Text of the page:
2009 Lincoln penny design images were revealed by U.S. Mint Director Ed Moy Monday morning during a news conference at the Lincoln Memorial. The four reverse designs celebrate a different aspect of Abraham Lincoln’s life: his birth and childhood in Kentucky, his formative years in Indiana, his professional life in Illinois and his Presidency in Washington, D.C.
"This is a momentous occasion in the history of our Nation’s coinage because these designs represent the first change in the Lincoln cent in half a century," said Director Moy.
"These coins are a tribute to one of our greatest Presidents whose legacy has had a lasting impact on our country. He believed all men were created equal, and his life was a model for accomplishing the American dream through honesty, integrity, loyalty, and a lifetime of education."
The four-coin series was authorized to celebrate the bicentennial of President Lincoln’s birth and the 100th anniversary of the Lincoln cent. Abraham Lincoln was born on February 12, 1809. The first new cent will begin circulating in the U.S. on the same day in 2009 — the 200th anniversary of his birth.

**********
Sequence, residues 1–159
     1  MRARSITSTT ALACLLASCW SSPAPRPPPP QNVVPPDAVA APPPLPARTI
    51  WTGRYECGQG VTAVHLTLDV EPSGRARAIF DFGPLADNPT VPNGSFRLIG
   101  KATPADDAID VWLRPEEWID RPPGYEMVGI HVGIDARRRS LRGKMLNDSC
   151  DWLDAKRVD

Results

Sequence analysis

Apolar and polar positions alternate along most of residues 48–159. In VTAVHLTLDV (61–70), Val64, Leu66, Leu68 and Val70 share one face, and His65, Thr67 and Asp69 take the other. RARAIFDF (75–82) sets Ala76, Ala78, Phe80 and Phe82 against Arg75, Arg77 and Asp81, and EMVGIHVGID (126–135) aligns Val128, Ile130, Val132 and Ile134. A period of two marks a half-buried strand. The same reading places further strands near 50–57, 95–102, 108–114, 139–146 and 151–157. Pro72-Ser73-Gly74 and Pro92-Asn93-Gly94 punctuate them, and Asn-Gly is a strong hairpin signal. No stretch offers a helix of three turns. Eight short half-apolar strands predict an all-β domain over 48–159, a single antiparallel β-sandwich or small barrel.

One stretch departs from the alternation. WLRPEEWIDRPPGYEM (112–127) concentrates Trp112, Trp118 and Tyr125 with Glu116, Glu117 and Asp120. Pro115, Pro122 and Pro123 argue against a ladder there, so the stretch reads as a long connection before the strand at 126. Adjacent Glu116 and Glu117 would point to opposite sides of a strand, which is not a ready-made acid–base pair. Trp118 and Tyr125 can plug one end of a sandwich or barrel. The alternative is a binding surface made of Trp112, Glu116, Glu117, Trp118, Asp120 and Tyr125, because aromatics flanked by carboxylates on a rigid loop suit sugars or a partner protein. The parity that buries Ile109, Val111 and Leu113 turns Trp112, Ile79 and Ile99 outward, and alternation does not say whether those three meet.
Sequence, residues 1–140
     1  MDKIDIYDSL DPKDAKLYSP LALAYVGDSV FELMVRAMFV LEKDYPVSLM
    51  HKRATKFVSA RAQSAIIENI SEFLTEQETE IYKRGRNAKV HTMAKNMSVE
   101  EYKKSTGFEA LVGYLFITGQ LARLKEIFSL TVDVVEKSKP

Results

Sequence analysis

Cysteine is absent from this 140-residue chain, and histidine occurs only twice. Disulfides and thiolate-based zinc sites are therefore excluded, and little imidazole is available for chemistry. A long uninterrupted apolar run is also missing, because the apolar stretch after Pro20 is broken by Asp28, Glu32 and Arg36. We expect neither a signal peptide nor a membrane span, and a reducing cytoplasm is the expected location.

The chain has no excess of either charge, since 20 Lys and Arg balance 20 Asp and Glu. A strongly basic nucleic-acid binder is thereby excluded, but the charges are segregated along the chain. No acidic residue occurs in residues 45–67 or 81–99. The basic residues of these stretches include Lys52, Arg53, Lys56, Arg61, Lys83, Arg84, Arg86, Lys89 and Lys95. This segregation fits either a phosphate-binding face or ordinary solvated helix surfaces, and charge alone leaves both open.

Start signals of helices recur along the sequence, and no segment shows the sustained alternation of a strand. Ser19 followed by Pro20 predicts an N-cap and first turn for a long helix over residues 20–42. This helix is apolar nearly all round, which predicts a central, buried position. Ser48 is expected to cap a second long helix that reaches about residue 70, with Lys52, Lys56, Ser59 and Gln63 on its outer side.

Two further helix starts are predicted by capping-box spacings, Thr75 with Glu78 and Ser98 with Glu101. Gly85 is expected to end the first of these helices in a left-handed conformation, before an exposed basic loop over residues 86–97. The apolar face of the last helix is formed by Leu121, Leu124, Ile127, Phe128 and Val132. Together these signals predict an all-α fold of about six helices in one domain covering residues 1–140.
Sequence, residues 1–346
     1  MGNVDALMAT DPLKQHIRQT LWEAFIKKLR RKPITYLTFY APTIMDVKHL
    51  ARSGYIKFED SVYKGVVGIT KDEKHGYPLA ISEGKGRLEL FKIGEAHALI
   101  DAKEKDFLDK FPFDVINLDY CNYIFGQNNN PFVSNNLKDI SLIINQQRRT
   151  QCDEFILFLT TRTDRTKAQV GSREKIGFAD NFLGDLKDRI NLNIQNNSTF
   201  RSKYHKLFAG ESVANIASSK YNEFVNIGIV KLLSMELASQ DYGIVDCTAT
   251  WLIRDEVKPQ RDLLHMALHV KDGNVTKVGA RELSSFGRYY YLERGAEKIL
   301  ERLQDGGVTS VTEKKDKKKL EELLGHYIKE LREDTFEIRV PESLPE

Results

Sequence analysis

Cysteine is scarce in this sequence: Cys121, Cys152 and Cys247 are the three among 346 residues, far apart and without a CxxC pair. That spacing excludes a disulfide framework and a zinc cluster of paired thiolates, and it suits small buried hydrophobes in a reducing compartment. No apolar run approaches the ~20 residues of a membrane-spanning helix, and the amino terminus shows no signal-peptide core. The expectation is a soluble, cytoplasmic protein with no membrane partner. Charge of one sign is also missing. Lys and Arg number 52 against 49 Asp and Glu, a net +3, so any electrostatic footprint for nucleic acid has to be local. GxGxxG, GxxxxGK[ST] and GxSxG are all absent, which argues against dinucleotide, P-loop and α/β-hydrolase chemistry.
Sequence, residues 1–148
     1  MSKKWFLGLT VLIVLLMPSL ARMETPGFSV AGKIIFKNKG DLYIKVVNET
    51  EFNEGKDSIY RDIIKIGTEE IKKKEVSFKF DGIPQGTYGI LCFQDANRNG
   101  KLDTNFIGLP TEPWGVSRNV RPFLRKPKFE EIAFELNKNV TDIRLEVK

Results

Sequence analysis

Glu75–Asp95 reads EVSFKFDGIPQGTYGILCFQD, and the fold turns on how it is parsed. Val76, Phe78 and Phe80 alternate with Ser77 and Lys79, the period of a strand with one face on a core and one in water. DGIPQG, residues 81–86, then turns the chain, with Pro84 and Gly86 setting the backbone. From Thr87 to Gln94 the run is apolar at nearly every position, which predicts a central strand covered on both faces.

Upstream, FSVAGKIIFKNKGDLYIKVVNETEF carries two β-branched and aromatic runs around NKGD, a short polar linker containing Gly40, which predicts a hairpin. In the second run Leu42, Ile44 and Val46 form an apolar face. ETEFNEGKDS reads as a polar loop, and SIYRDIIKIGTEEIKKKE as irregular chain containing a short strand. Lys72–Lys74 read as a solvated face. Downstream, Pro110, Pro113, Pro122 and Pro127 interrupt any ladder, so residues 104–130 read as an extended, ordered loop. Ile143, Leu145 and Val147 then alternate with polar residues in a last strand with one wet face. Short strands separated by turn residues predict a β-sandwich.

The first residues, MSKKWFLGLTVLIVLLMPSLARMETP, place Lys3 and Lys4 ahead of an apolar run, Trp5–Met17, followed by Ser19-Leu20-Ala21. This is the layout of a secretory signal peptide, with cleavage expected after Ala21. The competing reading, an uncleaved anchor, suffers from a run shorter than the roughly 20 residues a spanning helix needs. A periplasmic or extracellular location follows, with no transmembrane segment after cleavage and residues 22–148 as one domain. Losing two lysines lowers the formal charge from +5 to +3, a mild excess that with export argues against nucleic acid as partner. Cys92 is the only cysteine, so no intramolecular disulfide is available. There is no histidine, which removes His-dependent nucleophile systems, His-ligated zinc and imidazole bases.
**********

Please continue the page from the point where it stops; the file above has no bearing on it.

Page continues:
When that cent is issued, it will mark first time the image on the penny has changed in half a century. In 1959, the currently used Memorial reverse replaced the well known Wheat Ears design. The new designs will be issued in approximately three-month intervals throughout the year.
The obverse or heads side of the one-cent coins will continue to bear Victor David Brenner’s likeness of President Lincoln, introduced in 1909. At the end of the 2009 Lincoln Bicentennial One Cent Coin Program, the reverse of the penny will feature a design emblematic of President Lincoln’s preservation of the United States of America as a single and united country.
In addition to new circulation pennies, the Abraham Lincoln Commemorative Coin Act also calls for up to 500,000 commemorative silver dollars for collectors in 2009.